JUN 17, 2020 10:53 AM PDT

Heat Exposure Impacts Motor-Cognitive Abilities

WRITTEN BY: Tiffany Dazet

The summer solstice is approaching, and in many regions, this also means the arrival of higher temperatures. A new study from the Heat-Shield project at the University of Copenhagen assessed how prolonged heat exposure impacts motor-cognitive functions. The results of this study were published last month in Scientific Reports. According to the study, prolonged head exposure to strong sunlight can significantly impair cognitively dominated functions and coordination of complex motor tasks.

The study reports that about half of the world's population lives in regions impacted by environmental heat stress, affecting health and productivity. Healthy adults experience discomfort and decreased physical work capacity. Vulnerable populations, such as senior citizens, are at higher mortality risk during heatwaves. These negative impacts are expected to worsen because of global climate change.

An article from the University of Copenhagen (UCPH) suggests that previous impacts of prolonged head exposure to sunlight may have been underestimated. Professor Lars Nybo is the project coordinator in the Department of Nutrition, Exercise, and Sports at the University. He states, "the novelty of the study is that we provide evidence that direct exposure to sunlight—especially the head—impairs motor and cognitive performance." Additionally, he reports that "the decline in motor and cognitive performance was observed at 38.5 degrees Celsius, which is a 1-degree lower body temperature than previous studies have shown, which is a substantial difference."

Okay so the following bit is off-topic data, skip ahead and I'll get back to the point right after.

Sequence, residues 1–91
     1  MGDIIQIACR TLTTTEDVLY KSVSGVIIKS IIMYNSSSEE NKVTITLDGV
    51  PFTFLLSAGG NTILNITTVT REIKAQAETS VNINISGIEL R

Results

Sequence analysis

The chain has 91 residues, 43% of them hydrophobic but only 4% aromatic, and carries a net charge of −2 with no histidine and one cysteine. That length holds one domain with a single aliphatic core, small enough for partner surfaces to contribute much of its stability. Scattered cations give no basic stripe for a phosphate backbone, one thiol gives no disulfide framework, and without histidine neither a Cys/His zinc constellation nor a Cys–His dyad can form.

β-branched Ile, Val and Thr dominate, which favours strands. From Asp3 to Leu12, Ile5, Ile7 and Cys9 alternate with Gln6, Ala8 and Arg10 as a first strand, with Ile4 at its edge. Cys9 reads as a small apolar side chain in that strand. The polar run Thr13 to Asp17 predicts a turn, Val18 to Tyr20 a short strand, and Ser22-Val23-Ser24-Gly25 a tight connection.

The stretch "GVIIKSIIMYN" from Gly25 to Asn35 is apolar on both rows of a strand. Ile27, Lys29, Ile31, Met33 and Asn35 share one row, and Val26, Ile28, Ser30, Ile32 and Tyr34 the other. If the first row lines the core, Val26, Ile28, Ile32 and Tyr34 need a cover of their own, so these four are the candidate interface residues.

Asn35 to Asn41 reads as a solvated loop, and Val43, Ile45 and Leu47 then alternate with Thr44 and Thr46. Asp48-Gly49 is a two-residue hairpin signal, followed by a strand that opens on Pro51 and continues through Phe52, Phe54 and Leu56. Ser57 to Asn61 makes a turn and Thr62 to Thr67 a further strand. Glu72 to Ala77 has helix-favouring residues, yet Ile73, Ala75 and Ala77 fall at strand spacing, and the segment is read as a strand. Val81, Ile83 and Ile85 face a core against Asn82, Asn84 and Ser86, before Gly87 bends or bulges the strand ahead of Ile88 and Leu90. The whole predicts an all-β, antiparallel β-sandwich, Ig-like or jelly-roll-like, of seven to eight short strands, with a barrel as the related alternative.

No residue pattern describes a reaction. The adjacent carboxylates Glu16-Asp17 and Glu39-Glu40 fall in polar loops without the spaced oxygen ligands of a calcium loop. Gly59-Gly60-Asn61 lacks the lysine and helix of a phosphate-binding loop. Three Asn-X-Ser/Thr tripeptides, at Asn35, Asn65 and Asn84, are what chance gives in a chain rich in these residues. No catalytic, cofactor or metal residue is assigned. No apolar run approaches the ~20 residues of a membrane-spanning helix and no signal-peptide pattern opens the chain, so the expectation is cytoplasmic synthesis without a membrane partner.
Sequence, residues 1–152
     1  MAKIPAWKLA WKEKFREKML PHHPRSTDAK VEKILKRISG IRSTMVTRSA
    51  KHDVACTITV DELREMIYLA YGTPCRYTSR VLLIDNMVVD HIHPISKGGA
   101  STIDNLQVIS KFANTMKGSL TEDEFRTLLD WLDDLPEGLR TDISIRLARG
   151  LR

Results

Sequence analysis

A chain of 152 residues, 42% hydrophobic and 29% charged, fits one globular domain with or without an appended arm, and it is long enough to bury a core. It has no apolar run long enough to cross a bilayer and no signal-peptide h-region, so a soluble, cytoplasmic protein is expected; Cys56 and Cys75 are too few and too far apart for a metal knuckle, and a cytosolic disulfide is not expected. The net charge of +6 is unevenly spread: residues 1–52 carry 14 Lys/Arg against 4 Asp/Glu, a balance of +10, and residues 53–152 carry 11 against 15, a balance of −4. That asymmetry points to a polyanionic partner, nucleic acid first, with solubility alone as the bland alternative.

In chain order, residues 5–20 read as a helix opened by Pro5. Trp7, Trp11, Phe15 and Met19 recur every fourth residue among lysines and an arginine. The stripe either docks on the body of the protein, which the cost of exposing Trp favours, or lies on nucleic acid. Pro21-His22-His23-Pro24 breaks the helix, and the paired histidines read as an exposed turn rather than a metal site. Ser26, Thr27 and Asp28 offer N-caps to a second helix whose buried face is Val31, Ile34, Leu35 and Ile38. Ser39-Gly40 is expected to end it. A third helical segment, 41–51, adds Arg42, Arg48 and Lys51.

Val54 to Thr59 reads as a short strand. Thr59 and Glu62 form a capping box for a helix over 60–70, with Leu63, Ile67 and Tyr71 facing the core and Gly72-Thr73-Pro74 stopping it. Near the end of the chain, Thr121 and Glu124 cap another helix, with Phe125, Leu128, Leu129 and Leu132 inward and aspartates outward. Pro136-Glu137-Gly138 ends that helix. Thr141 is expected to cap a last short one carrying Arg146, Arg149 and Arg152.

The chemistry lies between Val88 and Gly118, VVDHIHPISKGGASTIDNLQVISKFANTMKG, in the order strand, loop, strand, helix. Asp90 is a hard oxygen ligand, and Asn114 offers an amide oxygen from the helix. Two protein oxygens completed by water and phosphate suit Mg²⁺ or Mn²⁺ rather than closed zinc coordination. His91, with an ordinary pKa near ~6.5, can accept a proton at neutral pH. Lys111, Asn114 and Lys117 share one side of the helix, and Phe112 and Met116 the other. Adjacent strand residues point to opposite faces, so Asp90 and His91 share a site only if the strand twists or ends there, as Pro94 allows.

Study participants included eight healthy, active males aged 27 to 41. According to the UCPH article, the motor-cognitive test included four different computer math and logical tasks that relied on fine motor precision. To simulate environmental heat, four lamps were positioned around the lower-body and head (avoiding direct eye exposure). The study reports that participants were instructed to be hydrated and abstain from alcohol and strenuous exercise 24-hours before their experiments. Throughout the tests, markers of rising brainstem temperature were evaluated.

According to the University of Copenhagen, the Heat Shield project addresses the negative impacts of workplace heat stress on health and productivity in five key industries: manufacturing, construction, transportation, tourism, and agriculture. This project is funded by the European Union and includes twelve research institutions and other stakeholders across the EU.

This study's findings have health and safety implications for workers in industries such as agriculture, construction, and transport. The researchers suggest that future studies must include radiative heating of the head and neck, specifically when addressing impacts of environmental heat stress and consideration of specific head protection.

Sources: University of Copenhagen, Scientific Reports

About the Author
  • Tiffany grew up in Southern California, where she attended San Diego State University. She graduated with a degree in Biology with a marine emphasis, thanks to her love of the ocean and wildlife. With 13 years of science writing under her belt, she now works as a freelance writer in the Pacific Northwest.
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